Central to the Brexit debate is the duty to fulfil the will of...
Next week Scotland will vote whether to leave the UK and reverse the decision made in 1707 to become an independent nation again. The latest polls suggest that they might just do that, though the polls are still close and 18% remain undecided. Quebec faced a similar decision in 1995 to separate from Canada. Two weeks before their vote the polls were also close but on the day the ‘don’t knows’ swung the result against independence. So the only poll that matters is on 18th September.
There are three difficult issues that face the voters. What currency will an independent Scotland use? The Westminster parties say the pound is not an option because Scotland would have no control over monetary policy set by the Bank of England. This week the major banks have said they will relocate to England if Scotland votes ‘Yes’. EU and NATO membership are other problem issues. So too are immigration policy and border controls.
The UK parties have said that if Scotland votes ‘NO’ there would be increased devolution of taxation and welfare policies. This has been dismissed as a bribe but the changes were proposed six months ago before the referendum campaign started. The outcome will affect us all. Scots have made important and valued contributions to every area of British life. Harriet Harman spoke for the vast majority of MPs when she said she wanted Scotland to remain family, not become foreigners.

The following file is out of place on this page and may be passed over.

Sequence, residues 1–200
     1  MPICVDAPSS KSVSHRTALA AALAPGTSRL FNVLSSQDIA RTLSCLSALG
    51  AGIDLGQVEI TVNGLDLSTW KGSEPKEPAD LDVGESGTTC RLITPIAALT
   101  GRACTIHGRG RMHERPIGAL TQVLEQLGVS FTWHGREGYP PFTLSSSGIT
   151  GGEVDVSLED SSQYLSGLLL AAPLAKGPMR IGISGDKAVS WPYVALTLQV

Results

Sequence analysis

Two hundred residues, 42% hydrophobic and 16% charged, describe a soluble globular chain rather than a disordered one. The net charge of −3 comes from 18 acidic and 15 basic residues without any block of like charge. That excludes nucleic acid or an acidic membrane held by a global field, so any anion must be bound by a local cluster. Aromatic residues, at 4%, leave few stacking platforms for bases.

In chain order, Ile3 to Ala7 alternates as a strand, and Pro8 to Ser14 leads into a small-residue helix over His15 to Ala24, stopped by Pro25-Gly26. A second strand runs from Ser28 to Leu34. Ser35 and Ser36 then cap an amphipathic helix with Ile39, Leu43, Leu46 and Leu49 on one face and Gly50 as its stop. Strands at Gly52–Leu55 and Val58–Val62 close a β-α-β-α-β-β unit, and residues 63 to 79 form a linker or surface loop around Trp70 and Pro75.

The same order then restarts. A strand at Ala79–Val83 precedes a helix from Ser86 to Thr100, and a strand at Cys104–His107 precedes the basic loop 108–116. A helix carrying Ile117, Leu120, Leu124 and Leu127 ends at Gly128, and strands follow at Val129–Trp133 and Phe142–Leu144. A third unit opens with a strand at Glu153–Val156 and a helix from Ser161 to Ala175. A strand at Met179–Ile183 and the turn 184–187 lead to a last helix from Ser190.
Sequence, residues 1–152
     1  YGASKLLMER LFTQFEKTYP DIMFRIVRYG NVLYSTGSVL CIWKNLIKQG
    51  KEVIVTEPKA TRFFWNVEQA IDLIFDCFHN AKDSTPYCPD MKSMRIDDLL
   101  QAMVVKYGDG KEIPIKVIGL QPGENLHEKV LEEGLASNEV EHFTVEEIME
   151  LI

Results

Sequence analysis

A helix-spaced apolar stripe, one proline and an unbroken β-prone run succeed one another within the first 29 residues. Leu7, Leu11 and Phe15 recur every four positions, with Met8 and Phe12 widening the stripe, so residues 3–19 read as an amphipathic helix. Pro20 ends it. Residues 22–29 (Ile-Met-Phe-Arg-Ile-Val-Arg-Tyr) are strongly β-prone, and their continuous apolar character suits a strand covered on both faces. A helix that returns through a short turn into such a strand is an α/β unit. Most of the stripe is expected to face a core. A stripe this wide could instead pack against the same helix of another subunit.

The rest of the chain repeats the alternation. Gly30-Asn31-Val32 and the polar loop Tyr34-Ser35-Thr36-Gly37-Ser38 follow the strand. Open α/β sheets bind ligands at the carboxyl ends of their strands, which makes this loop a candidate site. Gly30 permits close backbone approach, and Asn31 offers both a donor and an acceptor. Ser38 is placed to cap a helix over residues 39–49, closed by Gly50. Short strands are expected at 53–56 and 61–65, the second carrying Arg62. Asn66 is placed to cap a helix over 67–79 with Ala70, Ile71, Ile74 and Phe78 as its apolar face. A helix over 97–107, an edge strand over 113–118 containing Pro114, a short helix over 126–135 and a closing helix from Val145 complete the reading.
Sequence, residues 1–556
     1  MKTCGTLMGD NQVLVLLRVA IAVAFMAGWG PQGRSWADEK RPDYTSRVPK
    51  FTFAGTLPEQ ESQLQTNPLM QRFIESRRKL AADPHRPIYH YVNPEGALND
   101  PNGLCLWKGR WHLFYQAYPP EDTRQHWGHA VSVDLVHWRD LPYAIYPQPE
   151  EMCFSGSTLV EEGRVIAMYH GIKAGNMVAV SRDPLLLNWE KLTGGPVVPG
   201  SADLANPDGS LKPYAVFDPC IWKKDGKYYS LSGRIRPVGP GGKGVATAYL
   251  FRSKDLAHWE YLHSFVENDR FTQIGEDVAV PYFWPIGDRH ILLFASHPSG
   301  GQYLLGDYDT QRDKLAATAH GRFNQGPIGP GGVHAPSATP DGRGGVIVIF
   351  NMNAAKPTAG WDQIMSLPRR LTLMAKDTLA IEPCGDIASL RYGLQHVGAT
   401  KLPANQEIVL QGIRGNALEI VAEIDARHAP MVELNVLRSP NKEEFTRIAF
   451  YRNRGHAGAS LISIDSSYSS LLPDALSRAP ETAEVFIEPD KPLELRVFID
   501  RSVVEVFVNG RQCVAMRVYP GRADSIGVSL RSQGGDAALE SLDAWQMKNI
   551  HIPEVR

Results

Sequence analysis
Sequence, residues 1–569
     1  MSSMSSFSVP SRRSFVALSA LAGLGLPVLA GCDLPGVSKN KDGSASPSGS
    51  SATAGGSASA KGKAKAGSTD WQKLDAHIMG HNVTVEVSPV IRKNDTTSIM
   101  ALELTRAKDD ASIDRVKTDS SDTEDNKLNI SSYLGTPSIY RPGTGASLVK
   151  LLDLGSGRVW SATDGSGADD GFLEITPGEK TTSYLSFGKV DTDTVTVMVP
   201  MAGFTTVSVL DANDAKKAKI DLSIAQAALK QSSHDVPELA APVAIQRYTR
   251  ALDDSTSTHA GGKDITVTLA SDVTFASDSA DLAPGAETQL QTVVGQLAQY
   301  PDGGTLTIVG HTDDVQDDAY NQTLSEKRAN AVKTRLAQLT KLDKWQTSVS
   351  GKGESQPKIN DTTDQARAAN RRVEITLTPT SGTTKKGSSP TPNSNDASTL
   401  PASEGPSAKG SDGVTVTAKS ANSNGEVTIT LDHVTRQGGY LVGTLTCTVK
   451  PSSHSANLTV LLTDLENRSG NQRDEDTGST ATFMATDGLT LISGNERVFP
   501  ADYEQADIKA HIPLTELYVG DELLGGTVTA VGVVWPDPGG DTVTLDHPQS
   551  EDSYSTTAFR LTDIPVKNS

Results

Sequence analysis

On a completely different issue, British politicians are grappling with a curious paradox. The economy is recovering well from the recession. Growth is accelerating, unemployment has fallen with record numbers in work and inflation is under control. Optimism is rising and 43% of the public say the economic climate is good compared with 15% in 2013. This is in stark contrast with most other nations, including America where the mood is gloomy.
The Conservatives are credited with achieving this and rated as the better than the other parties at economic management. The mystery is that they still trail in opinion polls behind Labour who bear the blame for leaving the massive debt which now has to be paid off. So, is Bill Clinton’s jibe, “It’s the economy, stupid” not as true as conventional wisdom suggests?
One explanation why some people still don’t feel better off is that the TUC says average earnings are still 13.8% below the 2007 level. That will be compounded when interest rates begin to rise next spring. The challenge to the parties as they draft their election manifestos is how to enable the poorest to benefit from the recovery without rebuilding the debt mountain.
We should pray for wise decisions and straight talking on these issues. It is impossible in a democracy not to be involved in politics. It is the way in which who governs us and the values by which we are governed are decided. Opting out leaves those decisions to others so the least we can do is to pray that God’s will be done.